|Thomas Bayes (circa 1702-1761)|
Other than his ministry, Bayes
was credited with writing an anonymous paper supporting Isaac Newton’s
work on fluxions, which was attacked by George Berkeley in a paper
called The Analyst: Or a Discourse
addressed to an Infidel Mathematician.
This work was a major factor that may have helped secure his
election to the Royal Society. The
Royal Society felt he had demonstrated a vast understanding and
knowledge of geometry, mathematics, and philosophy.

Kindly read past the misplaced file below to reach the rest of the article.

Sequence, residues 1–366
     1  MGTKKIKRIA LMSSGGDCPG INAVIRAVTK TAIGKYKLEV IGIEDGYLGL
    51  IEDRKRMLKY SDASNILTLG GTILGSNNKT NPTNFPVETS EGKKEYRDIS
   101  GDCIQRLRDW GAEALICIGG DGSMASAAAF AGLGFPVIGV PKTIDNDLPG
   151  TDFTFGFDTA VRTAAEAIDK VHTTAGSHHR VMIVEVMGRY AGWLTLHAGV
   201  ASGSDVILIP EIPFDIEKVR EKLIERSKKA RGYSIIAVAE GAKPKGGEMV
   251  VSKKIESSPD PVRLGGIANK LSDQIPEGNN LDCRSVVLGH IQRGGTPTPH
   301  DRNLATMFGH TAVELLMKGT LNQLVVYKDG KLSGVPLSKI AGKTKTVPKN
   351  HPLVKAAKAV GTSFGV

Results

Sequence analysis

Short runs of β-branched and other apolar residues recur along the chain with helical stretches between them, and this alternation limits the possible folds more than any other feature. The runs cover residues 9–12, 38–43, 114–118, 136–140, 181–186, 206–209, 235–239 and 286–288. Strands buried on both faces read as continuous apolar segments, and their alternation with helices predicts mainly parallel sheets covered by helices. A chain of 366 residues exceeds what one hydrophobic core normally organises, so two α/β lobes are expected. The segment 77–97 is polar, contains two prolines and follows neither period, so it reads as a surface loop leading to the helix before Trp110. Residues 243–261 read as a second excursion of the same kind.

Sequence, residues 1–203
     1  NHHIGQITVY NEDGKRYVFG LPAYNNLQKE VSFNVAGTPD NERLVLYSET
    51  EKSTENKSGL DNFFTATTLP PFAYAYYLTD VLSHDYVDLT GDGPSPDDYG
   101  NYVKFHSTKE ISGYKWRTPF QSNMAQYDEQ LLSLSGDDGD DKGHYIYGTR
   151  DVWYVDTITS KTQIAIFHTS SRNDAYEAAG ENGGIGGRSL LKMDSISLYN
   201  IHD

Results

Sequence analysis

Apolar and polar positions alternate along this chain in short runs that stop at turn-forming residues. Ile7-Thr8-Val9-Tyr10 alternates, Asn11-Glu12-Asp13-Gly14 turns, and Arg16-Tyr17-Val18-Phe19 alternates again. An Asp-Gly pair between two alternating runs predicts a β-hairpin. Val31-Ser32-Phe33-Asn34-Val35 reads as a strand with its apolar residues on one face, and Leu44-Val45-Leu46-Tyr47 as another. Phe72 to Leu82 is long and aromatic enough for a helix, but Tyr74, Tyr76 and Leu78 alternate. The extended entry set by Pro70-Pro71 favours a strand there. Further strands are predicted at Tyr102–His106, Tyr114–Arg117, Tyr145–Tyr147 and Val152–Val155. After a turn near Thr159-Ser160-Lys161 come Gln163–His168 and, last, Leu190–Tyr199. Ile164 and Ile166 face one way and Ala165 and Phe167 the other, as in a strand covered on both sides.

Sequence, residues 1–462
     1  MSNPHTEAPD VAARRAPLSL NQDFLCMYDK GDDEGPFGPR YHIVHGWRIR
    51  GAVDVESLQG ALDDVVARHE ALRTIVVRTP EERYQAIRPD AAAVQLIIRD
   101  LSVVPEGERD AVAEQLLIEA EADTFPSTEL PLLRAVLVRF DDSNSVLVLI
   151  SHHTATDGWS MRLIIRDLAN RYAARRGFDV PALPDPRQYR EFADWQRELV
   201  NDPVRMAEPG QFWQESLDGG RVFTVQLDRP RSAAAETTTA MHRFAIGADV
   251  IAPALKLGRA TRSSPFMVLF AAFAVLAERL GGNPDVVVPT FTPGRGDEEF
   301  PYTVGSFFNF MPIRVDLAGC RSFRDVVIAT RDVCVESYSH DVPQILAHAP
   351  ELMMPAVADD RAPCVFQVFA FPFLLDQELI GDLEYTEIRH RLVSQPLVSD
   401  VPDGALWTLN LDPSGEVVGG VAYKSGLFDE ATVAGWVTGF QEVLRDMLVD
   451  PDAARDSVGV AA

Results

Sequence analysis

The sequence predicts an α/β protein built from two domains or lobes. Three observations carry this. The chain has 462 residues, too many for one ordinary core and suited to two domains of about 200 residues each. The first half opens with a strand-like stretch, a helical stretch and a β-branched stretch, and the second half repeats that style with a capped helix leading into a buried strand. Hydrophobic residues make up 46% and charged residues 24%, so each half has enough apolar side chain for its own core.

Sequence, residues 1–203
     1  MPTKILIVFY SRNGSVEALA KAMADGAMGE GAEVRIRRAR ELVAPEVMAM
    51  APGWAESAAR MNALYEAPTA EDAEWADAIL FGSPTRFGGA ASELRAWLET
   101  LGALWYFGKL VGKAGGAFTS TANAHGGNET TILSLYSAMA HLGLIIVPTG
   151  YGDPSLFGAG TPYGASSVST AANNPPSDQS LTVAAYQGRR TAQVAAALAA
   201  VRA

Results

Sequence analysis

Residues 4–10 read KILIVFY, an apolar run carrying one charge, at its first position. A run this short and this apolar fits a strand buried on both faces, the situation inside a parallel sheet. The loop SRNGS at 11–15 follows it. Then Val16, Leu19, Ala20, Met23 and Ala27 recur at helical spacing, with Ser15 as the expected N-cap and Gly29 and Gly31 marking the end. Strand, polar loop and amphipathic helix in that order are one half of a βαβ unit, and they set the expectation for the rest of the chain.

After Bayes’ death in
1761, a family friend, Reverend Richard Price, found another
mathematical work written by Bayes, which supported Bayes’
understanding of probability. This
work explored the Stirling-De Moivre Theorem, which involves series
expansions. Price and
others found his reasoning and proof quite insightful.
In 1764, Bayes’ work was published in the Philosophical Transactions of the Royal Society.
Picture reproduced from MacTutor History of Mathematics archive with permission.